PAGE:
Visitors at Quinta do Tedo usually start a tour under the welcome shade of the beech trees, with an exquisite view of our vineyards by the Tedo river.  Some have asked why portions of the terraced vineyard in the distance look “spotty”, when compared to other portions that are “thriving”…..are these vines unhealthy?  Not at all the case and I would like to explain why.Tedo and vineyards Our established terraced vineyards are planted very closely together – 1.6 meters between rows, 1.6 meters trellised in height and 1.1 to 1.2 meters between each vine.  We do not want the vine’s vegetation to be vigorous and to overlap from one vine to the next.  We maximize the number of vines per hectare to create competition between the vines, to actually stress the vines to produce less but more concentrated juice (less is better!).  This high density plantation is more expensive to plant and to maintain because there are more vines, more rows of wire support, more labor for pruning, etc.  Since we do not use heavy machinery in our vineyards that would destroy the beautiful stone wall terraces (we have our faithful horse Tedo to do the plowing), we replant by hand, and even more, only the missing plant and not the whole row.

These “spotty” areas in this terraced vineyard in question are of vines that range from 40 to 60 years in age, with recently planted vines starting to establish, thus the “spottiness”.  We even have some 85-year old vines in our highly-acclaimed Savedra parcel, that produce grapes of intense and very concentrated flavor, only in very small quantities.  Our vineyards are a remarkable mix of 18 different varieties, that is the tradition in this part of the world.

No instant gratification here in our replanting process!  When the old vine is no longer bearing fruit and shows a lack of vigor, we pull out the vine and inspect the root (that are sometimes as much as 5 meters deep but we pull out only 1 meter), to understand the reason it stopped bearing fruit ---mold, virus or just age.  If there is mold or infection we add a calculated amount of organic-based disinfectant to the hole where the vine was.  We let the hole lay fallow for one winter, to let nature’s rain cleanse the hole, and then we replant with American root stock.  After 2 to 3 years, when the rootstock is established and vigorous we graft 1 of our quinta’s 18 varieties, selected by enologue Jorge Alves, onto the rootstock.   This way we control our traditional grape blend that is what makes our port and wines flavor constant from year to year.  We start to pick the grapes after 3 to 4 years.  Total turn around is 6 to 7 years, and that is patience for you!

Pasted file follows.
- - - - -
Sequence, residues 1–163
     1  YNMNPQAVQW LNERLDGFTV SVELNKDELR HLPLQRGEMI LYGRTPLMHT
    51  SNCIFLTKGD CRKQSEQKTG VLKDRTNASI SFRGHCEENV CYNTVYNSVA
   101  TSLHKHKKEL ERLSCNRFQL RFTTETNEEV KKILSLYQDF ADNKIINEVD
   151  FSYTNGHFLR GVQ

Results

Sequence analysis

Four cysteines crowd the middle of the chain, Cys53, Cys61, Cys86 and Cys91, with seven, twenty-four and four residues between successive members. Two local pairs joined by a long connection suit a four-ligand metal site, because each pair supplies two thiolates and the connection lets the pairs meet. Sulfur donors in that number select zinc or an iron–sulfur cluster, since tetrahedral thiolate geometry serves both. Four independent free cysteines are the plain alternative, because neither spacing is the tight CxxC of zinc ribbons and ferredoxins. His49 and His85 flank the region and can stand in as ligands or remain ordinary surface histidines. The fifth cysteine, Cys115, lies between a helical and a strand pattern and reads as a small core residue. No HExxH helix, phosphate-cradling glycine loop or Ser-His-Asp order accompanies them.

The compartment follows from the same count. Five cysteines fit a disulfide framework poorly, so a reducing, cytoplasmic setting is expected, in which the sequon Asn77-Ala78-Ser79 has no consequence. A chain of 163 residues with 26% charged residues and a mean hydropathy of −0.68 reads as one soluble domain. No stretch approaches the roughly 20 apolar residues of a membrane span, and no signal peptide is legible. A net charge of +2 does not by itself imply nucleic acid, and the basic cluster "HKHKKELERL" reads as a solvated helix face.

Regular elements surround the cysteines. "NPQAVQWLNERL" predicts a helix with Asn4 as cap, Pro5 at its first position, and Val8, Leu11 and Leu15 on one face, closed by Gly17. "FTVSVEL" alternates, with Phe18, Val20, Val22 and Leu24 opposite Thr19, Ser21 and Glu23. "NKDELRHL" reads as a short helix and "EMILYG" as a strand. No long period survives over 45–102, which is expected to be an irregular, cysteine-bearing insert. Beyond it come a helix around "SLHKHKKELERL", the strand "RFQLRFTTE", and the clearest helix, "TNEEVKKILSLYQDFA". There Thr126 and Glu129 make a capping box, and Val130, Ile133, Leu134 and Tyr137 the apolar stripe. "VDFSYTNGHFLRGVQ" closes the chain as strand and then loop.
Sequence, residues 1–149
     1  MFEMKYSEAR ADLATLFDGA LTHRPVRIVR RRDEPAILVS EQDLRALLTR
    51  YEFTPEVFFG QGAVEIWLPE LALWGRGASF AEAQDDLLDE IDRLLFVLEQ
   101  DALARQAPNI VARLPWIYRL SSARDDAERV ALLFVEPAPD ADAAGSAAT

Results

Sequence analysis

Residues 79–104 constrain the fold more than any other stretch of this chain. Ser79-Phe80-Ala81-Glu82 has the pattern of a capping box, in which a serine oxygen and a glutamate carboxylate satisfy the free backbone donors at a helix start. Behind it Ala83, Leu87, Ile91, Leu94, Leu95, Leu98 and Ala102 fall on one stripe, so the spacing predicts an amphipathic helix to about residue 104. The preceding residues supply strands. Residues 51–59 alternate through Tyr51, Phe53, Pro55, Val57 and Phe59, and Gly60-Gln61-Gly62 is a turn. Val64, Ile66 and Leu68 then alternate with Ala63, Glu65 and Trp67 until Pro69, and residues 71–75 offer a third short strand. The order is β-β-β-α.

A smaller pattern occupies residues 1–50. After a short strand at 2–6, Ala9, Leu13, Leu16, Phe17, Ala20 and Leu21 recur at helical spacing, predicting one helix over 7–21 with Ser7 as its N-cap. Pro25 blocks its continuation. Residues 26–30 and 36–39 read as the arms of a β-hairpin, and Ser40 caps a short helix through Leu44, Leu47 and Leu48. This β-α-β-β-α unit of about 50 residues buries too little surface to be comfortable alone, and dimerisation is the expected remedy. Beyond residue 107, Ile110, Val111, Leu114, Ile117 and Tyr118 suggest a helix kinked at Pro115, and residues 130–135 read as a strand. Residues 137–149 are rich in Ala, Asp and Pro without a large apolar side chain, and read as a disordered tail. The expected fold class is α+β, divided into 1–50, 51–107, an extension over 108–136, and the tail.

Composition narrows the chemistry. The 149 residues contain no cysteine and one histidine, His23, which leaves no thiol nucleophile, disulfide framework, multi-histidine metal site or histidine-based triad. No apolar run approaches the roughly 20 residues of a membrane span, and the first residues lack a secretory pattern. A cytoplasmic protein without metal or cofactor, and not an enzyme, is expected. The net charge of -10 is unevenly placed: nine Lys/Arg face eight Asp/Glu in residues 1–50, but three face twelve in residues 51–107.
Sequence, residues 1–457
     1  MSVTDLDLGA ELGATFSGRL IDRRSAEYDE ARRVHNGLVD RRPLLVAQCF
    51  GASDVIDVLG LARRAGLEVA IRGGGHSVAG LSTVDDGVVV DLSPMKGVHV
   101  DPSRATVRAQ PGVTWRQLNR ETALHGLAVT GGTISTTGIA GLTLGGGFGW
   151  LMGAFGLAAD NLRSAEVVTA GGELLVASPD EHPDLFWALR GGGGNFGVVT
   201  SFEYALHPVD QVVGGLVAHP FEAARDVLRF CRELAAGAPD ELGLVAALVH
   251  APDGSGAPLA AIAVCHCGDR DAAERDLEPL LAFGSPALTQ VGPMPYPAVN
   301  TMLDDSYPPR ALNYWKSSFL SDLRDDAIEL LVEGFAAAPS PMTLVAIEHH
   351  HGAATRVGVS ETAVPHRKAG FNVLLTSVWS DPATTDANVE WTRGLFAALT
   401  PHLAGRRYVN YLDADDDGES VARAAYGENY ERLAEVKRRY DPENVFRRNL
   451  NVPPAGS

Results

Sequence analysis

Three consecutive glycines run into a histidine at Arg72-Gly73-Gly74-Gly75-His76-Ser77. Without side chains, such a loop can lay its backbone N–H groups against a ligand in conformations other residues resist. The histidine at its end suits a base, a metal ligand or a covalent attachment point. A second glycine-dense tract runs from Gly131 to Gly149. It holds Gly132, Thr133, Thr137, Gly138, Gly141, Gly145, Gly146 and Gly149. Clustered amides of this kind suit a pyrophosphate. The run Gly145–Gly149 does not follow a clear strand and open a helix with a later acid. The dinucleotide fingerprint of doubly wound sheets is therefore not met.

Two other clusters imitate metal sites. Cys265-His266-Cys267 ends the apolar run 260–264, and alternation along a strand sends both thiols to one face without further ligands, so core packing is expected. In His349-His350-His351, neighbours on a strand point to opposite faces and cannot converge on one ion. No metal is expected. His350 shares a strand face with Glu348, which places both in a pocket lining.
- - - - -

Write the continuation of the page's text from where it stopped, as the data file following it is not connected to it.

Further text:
By opting  for the “slow road” to replanting, we preserve the historic terraces and walls, and use minimal disinfectant only when needed to keep the resulting run off into our water table and into the Tedo as pure as possible, keeping in tune with biological viticulture.   We are looking for quality here not quantity, and actually we are legally limited by the Douro appellation to produce only 5500 liters/hectare or about 3 tons/acre.  So we can have these old vines, up to 85 years, to balance with the more vigorous young vines.  So, these “spotty-looking” vineyards are keeping with our philosophy here at Quinta do Tedo – less is better, take care of the land and respect tradition, to create beautifully crafted ports and wines.  As my husband Vincent has reminded me time and time again “Rome was not built in a day”…….

2 comments need to be added here referring to past blogs.  I thank once again Peggy, entrepreneurial owner of St. Helena Olive Oil Company, for nudging me to start a blog (and actually unbeknowngst to me setting it up for me).  Also, thanks to winemaker and buddy Francoise, for enlightening me that “biological viticulture” is synonomous with “organic”.